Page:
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Vasectomy and prostate cancer in US blacks and whites.
Am J Epidemiol 1993; 137(3):263-9AJ

Abstract

A large population-based case-control study was carried out to investigate the association between vasectomy and prostate cancer risk in black and in white men in the United States. Study subjects resided in the geographic areas covered by the population-based cancer registries of the Georgia Center for Cancer Statistics, or the Metropolitan Detroit Cancer Surveillance System, or in 10 counties included in the cancer registry of the New Jersey State Health Department. Cases for this study were men aged 40-79 years identified from pathology and outpatient records at hospitals covered by these registries, newly diagnosed with pathologically confirmed prostate cancer between August 1, 1986, and April 30, 1989. Population controls less than age 65 years were selected at periodic intervals by random digit dialing. Older controls were systematically selected (after a random start) from computerized records of the Health Care Finance Administration. A statistically nonsignificant excess risk (odds ratio (OR) = 1.6, 95% confidence interval (CI) 0.5-4.8) for prostate cancer associated with vasectomy was noted in blacks. Overall, the risk for prostate cancer associated with vasectomy in whites was not elevated (OR = 1.1, 95% CI 0.8-1.7). An increase in risk was found, however, for white men who had had a vasectomy 20 years or more prior to study (OR = 1.7, 95% CI 0.9-3.3) or who had had a vasectomy at less than age 35 years (OR = 2.2, 95% CI 1.0-4.4). For the total study group, the odds ratio associated with men who had a vasectomy 20 or more years prior to study was 1.5 (95% CI 0.8-2.7), and the odds ratio associated with men who had had a vasectomy at less than age 35 years was 2.0 (95% CI 1.0-4.0). Further detailed analysis showed that young age at vasectomy (less than age 35 years) was a more important risk factor than was years since vasectomy.

Authors+Show Affiliations

Environmental Epidemiology Branch, National Cancer Institute, Bethesda, MD 20892.No affiliation info availableNo affiliation info availableNo affiliation info availableNo affiliation info availableNo affiliation info availableNo affiliation info availableNo affiliation info availableNo affiliation info available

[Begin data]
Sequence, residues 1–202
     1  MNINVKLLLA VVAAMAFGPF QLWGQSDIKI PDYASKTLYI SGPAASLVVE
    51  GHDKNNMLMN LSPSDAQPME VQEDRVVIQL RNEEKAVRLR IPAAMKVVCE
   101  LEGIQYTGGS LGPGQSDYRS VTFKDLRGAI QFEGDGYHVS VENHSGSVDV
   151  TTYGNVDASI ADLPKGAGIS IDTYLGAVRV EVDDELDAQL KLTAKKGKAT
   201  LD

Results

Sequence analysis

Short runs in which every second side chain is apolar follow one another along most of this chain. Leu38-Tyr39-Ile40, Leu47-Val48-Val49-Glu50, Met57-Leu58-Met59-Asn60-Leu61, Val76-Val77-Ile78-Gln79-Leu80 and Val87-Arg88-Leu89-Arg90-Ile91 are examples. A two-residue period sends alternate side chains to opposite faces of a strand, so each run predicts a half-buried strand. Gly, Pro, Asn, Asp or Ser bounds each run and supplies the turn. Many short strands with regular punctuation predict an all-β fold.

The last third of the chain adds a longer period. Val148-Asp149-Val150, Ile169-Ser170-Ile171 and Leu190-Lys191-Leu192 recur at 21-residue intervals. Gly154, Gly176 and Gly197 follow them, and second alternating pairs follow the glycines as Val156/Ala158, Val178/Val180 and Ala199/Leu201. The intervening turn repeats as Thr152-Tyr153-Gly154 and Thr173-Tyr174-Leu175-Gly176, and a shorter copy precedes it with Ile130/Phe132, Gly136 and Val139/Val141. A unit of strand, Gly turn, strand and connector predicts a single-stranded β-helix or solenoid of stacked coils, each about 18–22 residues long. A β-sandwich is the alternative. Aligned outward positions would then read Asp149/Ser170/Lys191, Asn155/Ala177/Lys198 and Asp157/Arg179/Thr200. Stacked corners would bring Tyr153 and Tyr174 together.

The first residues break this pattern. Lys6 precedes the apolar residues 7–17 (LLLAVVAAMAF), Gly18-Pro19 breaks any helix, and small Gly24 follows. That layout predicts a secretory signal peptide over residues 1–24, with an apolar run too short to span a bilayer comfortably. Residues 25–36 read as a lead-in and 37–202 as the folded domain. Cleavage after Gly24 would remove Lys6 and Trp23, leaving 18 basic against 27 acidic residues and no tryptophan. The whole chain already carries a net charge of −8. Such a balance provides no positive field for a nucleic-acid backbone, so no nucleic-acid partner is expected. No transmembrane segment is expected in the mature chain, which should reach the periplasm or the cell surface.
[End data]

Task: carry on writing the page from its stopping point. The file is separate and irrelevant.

Pub Type(s)

Journal Article

Language

eng

PubMed ID

8452134

Citation

Hayes, R B., et al. "Vasectomy and Prostate Cancer in US Blacks and Whites." American Journal of Epidemiology, vol. 137, no. 3, 1993, pp. 263-9.
Hayes RB, Pottern LM, Greenberg R, et al. Vasectomy and prostate cancer in US blacks and whites. Am J Epidemiol. 1993;137(3):263-9.
Hayes, R. B., Pottern, L. M., Greenberg, R., Schoenberg, J., Swanson, G. M., Liff, J., ... Hoover, R. N. (1993). Vasectomy and prostate cancer in US blacks and whites. American Journal of Epidemiology, 137(3), pp. 263-9.
Hayes RB, et al. Vasectomy and Prostate Cancer in US Blacks and Whites. Am J Epidemiol. 1993 Feb 1;137(3):263-9. PubMed PMID: 8452134.
* Article titles in AMA citation format should be in sentence-case
TY - JOUR T1 - Vasectomy and prostate cancer in US blacks and whites. AU - Hayes,R B, AU - Pottern,L M, AU - Greenberg,R, AU - Schoenberg,J, AU - Swanson,G M, AU - Liff,J, AU - Schwartz,A G, AU - Brown,L M, AU - Hoover,R N, PY - 1993/2/1/pubmed PY - 1993/2/1/medline PY - 1993/2/1/entrez KW - Age Factors KW - Americas KW - Biology KW - Blacks KW - Cancer KW - Case Control Studies KW - Cultural Background KW - Demographic Factors KW - Developed Countries KW - Diseases KW - Ethnic Groups KW - Family Planning KW - Genitalia KW - Genitalia, Male KW - Male Sterilization KW - Neoplasms KW - North America KW - Northern America KW - Physiology KW - Population KW - Population Characteristics KW - Prostate KW - Research Methodology KW - Risk Factors KW - Sterilization, Sexual KW - Studies KW - United States KW - Urogenital System KW - Vasectomy KW - Whites SP - 263 EP - 9 JF - American journal of epidemiology JO - Am. J. Epidemiol. VL - 137 IS - 3 N2 - A large population-based case-control study was carried out to investigate the association between vasectomy and prostate cancer risk in black and in white men in the United States. Study subjects resided in the geographic areas covered by the population-based cancer registries of the Georgia Center for Cancer Statistics, or the Metropolitan Detroit Cancer Surveillance System, or in 10 counties included in the cancer registry of the New Jersey State Health Department. Cases for this study were men aged 40-79 years identified from pathology and outpatient records at hospitals covered by these registries, newly diagnosed with pathologically confirmed prostate cancer between August 1, 1986, and April 30, 1989. Population controls less than age 65 years were selected at periodic intervals by random digit dialing. Older controls were systematically selected (after a random start) from computerized records of the Health Care Finance Administration. A statistically nonsignificant excess risk (odds ratio (OR) = 1.6, 95% confidence interval (CI) 0.5-4.8) for prostate cancer associated with vasectomy was noted in blacks. Overall, the risk for prostate cancer associated with vasectomy in whites was not elevated (OR = 1.1, 95% CI 0.8-1.7). An increase in risk was found, however, for white men who had had a vasectomy 20 years or more prior to study (OR = 1.7, 95% CI 0.9-3.3) or who had had a vasectomy at less than age 35 years (OR = 2.2, 95% CI 1.0-4.4). For the total study group, the odds ratio associated with men who had a vasectomy 20 or more years prior to study was 1.5 (95% CI 0.8-2.7), and the odds ratio associated with men who had had a vasectomy at less than age 35 years was 2.0 (95% CI 1.0-4.0). Further detailed analysis showed that young age at vasectomy (less than age 35 years) was a more important risk factor than was years since vasectomy. SN - 0002-9262 UR - https://www.unboundmedicine.com/medline/citation/8452134/Vasectomy_and_prostate_cancer_in_US_blacks_and_whites_ L2 - https://academic.oup.com/aje/article-lookup/doi/10.1093/oxfordjournals.aje.a116673 DB - PRIME DP - Unbound Medicine ER -